Human studies, arguably the most relevant, can be challenging. In TB, the time and frequency of exposure, strain, inoculum, severity of disease, and presence of coinfections or other complications can all affect the interpretation of results, yet are difficult, if not impossible, to control. Many studies have examined the immunologic characteristics of active disease and latent infection in humans, although the results can make it difficult to assign cause or effect to any specific factor. M. tuberculosis-specific production of IFN-γ in blood (IGRAs or ELISPOTs) has been used to detect differences between active and latent cases with variable success (71–74). In general, active TB cases have been associated with greater production of IFN-γ compared with latently infected patients (73, 75), although a large degree of variability between groups results in poor predictive value. Additionally, the prevalence of TB in the area partly determines the predictive value of these assays (i.e., the cutoff for positive and negative results) (76).
An equilibrium of pro- and antiapoptotic regulators likely contributes to clinical outcome. Studies among household contacts and community controls have shown that increased IFN-γ to ESAT6 or CFP10 Ags was associated with active disease outcome (36, 77), similar to that observed in nonhuman primates (34). Whole blood mRNA expression of death domain complex (proapoptotic) genes was followed among cohorts with active TB, household contacts, and community controls (78). Contacts with greater response to ESAT6 (presumably at greater risk for developing active TB) (36) had higher expression of TNF and Fas, similar to active TB cases. This is consistent with other studies among active cases of TB, in which severe cases were associated with a greater ratio of TNF to TNFR1 (79, 80). The authors suggest these parameters in household contacts are a measure of active infection rather than latency. Death receptor inhibitors FLIPs and FLIPL were also upregulated in patients with active TB (78). But if increased apoptotic markers are associated with active TB outcome (not confirmed in this study but based on previous studies of a similar cohort), these data contradict the presumption that early apoptotic function is associated with good outcome. Thus, a more complex balance of inflammation may be required for control of infection.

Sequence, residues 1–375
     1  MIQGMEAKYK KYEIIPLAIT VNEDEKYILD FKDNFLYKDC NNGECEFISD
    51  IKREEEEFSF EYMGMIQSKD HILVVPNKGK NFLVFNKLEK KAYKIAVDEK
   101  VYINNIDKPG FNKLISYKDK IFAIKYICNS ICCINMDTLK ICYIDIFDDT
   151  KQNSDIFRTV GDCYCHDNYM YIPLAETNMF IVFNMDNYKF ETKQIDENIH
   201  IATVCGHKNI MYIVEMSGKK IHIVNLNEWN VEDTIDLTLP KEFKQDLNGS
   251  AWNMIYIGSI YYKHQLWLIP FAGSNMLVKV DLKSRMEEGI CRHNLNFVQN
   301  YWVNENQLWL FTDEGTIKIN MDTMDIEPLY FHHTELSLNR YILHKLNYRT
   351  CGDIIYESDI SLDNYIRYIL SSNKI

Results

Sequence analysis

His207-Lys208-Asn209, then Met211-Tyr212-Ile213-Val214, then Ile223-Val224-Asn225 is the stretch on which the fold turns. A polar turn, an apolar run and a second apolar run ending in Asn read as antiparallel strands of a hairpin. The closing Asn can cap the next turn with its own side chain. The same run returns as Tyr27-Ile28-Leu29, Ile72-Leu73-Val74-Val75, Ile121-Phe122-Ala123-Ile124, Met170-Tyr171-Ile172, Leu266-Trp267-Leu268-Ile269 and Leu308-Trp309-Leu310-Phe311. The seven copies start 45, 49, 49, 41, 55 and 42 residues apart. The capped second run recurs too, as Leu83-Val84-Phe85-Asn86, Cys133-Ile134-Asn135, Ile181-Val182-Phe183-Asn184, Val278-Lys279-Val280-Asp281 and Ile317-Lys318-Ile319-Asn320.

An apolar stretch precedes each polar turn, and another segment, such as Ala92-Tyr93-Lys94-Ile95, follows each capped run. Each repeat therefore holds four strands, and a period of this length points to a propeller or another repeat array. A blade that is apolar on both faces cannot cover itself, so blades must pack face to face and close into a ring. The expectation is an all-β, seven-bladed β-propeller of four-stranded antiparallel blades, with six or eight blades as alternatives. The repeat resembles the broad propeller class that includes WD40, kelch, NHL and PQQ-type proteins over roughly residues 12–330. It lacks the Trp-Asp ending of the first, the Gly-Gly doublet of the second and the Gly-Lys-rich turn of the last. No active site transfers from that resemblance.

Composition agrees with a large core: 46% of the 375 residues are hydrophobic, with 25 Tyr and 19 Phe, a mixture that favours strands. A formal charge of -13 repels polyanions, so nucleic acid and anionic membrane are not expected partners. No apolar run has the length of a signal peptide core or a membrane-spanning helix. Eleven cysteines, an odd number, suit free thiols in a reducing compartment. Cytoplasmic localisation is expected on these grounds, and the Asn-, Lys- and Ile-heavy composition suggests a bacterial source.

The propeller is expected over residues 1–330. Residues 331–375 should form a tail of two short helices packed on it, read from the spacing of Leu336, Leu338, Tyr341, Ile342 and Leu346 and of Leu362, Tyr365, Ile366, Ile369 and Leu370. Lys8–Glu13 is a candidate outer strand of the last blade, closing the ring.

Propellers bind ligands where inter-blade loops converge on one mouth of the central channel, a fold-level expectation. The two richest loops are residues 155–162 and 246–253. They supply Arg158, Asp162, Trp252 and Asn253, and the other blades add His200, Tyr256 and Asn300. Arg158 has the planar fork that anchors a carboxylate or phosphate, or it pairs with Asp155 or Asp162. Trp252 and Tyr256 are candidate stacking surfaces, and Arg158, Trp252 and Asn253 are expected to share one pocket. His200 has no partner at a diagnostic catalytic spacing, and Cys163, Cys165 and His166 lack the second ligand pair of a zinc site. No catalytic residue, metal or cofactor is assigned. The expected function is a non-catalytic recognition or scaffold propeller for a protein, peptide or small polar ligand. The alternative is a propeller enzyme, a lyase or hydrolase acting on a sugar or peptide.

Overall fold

Recent murine data showed that removal of regulatory CD4 T cells (CD4+CD25+FoxP3+) decreased bacterial burden (81). In humans, the picture is more complex. An increased frequency of regulatory T cells was observed among active TB cases compared with controls, but this likely reflects a response to excessive inflammation (82, 83). In a separate study among TB contacts, whole blood measurement of FoxP3 mRNA was greater among contacts that never developed a positive TST or IGRA compared with those who did convert to both assays (84). In monkeys prior to infection, a higher frequency of regulatory T cells (CD4+FoxP3+) was observed in blood among those who would later develop latent infection compared with those that would develop active TB. Soon after infection, a rapid decrease in regulatory T cells in the blood occurred followed by an increase of regulatory T cells in the airways, suggesting migration to the lungs. These cells then rebound in the blood and continue to increase in the subset of monkeys that developed active disease (85). These data suggest that regulatory T cells may play a protective role in early infection, possibly by reducing early pulmonary inflammation, but increase during active disease in response to increased inflammation. In humans with active TB, PBMC expression of a marker of T cell exhaustion, PD-1, was upregulated by IFN-γ, suggesting that this may be a potential mechanism of impaired immune response that results in active disease (86). However, in mice, there are few data so far supporting that PD-1 expression plays a major role in control of chronic TB (87).